Cover Stories with Paul Morris, Vol. 4

January 24th, 2014


Paul Morris is a graphic designer and writer who collects album art of the 1940’s and 1950’s. He finds his examples of influential mid-century design in the used record stores of Portland, Oregon.

In this edition, Paul invites readers to revisit the 1950s with images of fans holding and enjoying their albums.

 

 

 

 

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All vinyl lovers are invited to revisit the 1950’s, when LPs took over the music market. Covers of the day often portrayed fans who had made albums part of their lives.

      I can really identify with this Ray Eberle cover, not because of the sedate party mood, but because the basement rec room is decorated with album covers. My own basement TV room is similarly decorated, though I have room for only six at a time. The mid-century suspended lights are great.

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   “Hits by Hibbler” shows shoppers in a record store in about 1959. Somehow they don’t seem like Al Hibbler’s target audience, but who knows? Hibbler was Duke Ellington’s vocalist for eight years in the 1940s, and in the 1950s had a few hits. The seated man is in the listening booth, well decorated with albums. As this was a Decca record, the records on display all seem to be Deccas.

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   Here the Ames Brothers are happy to see that their new album contains a song book with all the lyrics. Through the magic of the darkroom they’re looking at the photo of them looking at the album…The photographer, Wendy Hilty, was a male commercial photographer who died in 1978.

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     The Four Freshmen’s dressing room is adorned with albums, by the Freshmen, natch. The upper-right record, “The Four Freshmen and Five Trombones,” was chosen for the cover of a coffee-table book of jazz album art.

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     Having Thelonious Monk, Henry Miller, and Jelly Roll Morton in the front row makes this extravaganza on the beach irresistible. There are numerous jazz classics and obscurities to be found in the assemblage. Paul Weller was the photographer and Paul Bacon the designer. Having enjoyed this photo for a time, you may ask, as I did, “Aren’t they going to get sand in the albums?”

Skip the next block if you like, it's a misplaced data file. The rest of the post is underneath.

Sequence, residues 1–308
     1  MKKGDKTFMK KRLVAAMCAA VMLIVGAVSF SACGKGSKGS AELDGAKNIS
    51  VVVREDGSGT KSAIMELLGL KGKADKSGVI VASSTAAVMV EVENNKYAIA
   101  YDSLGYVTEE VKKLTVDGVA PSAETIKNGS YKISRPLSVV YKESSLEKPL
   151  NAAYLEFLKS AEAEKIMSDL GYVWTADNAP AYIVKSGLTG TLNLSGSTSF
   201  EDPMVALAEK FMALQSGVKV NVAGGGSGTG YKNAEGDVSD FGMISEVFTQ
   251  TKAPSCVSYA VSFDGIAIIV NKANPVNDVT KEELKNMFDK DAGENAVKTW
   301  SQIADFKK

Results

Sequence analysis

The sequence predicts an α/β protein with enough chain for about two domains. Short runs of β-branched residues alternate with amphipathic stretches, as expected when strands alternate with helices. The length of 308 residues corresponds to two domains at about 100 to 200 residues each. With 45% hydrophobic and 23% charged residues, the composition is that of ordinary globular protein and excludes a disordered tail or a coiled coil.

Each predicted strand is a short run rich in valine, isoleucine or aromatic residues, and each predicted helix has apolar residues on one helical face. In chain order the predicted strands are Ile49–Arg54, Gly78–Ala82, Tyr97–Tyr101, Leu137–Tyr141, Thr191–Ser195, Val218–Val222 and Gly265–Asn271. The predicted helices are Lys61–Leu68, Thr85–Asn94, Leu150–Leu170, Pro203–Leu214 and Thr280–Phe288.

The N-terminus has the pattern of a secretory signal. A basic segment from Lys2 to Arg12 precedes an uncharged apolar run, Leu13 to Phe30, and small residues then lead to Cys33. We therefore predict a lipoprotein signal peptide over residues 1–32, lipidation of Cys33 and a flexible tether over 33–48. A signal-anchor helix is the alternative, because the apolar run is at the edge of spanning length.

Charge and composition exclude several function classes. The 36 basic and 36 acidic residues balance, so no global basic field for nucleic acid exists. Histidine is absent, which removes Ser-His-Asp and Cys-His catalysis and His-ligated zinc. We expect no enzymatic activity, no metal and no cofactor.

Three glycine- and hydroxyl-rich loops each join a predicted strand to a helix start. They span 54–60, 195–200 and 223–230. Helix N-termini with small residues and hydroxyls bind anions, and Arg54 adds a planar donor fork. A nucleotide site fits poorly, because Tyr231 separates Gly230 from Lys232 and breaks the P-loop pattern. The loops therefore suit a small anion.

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       This brings me to the other side of albums on album covers: people are neglecting, even trashing their records! I’ll pause for a moment to recall how the inner sleeves of LPs used to instruct us in record care. As a young record owner in the 1960’s I was no audiophile, but I took seriously the admonitions such as the ones below from Columbia. Don’t touch the grooves, buckle the record jacket, wipe with a soft, slightly damp cloth, keep in protective envelope when not in use, etc. (Actually I didn’t do the damp cloth routine.)

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   But while the sound engineers were preaching record care, the photographers were going wild in the studios. The listener lounging on red velvet in this photo is eating jelly beans while browsing her extensive Stanley Black collection, plus two records are out of their jackets! The nice hi-fi set with three-band radio gets a credit: “Essex Phonograph by London.”

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      This married lady should know you don’t use a record as a pillow. Her partner is pouring a nightcap of Budweiser as she smokes and lounges on a shag rug next to the portable record player. The label on the front shows the record was once owned by a guy in Brookings, South Dakota, and on the back is evidence that he may have had Sammy Kaye sign it for someone named Betty.

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   These two have been launched into a vinyl fantasy by the music of Edmundo Ros, though they’re keeping their records in their jackets. The record player they imagine tromping on is credited: “Turntable and Pick-up by Fairchild.”

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   It’s an album orgy! The photographer was seriously into vinyl, I’d say, but the happy young fellow is putting his foot on a record. His friend doesn’t care, as she smiles and touches the grooves of several Capitol albums. The songs are all hits of 1960.

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      And here Ralph Marterie is surrounded by levitating Mercury 45s. According to the liner notes, Marterie’s “exciting, swinging instrumental sounds” brought about “a rediscovery of the ballroom floor as a great place for recreation.”

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Vinyl is coming back to the music scene, but we won’t see album art like this on today’s records.

Next time: the art of Alex Steinweiss/Piedra Blanca.

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In Volume 1 of “Cover Stories,” Paul shared his collection of covers by Alex Steinweiss, known as the father of the record album cover, and for many years in charge of Columbia Records’ art department.

Volume 2 focused on Columbia covers

Volume 3 featured jazz illustrations from the early years of the record album

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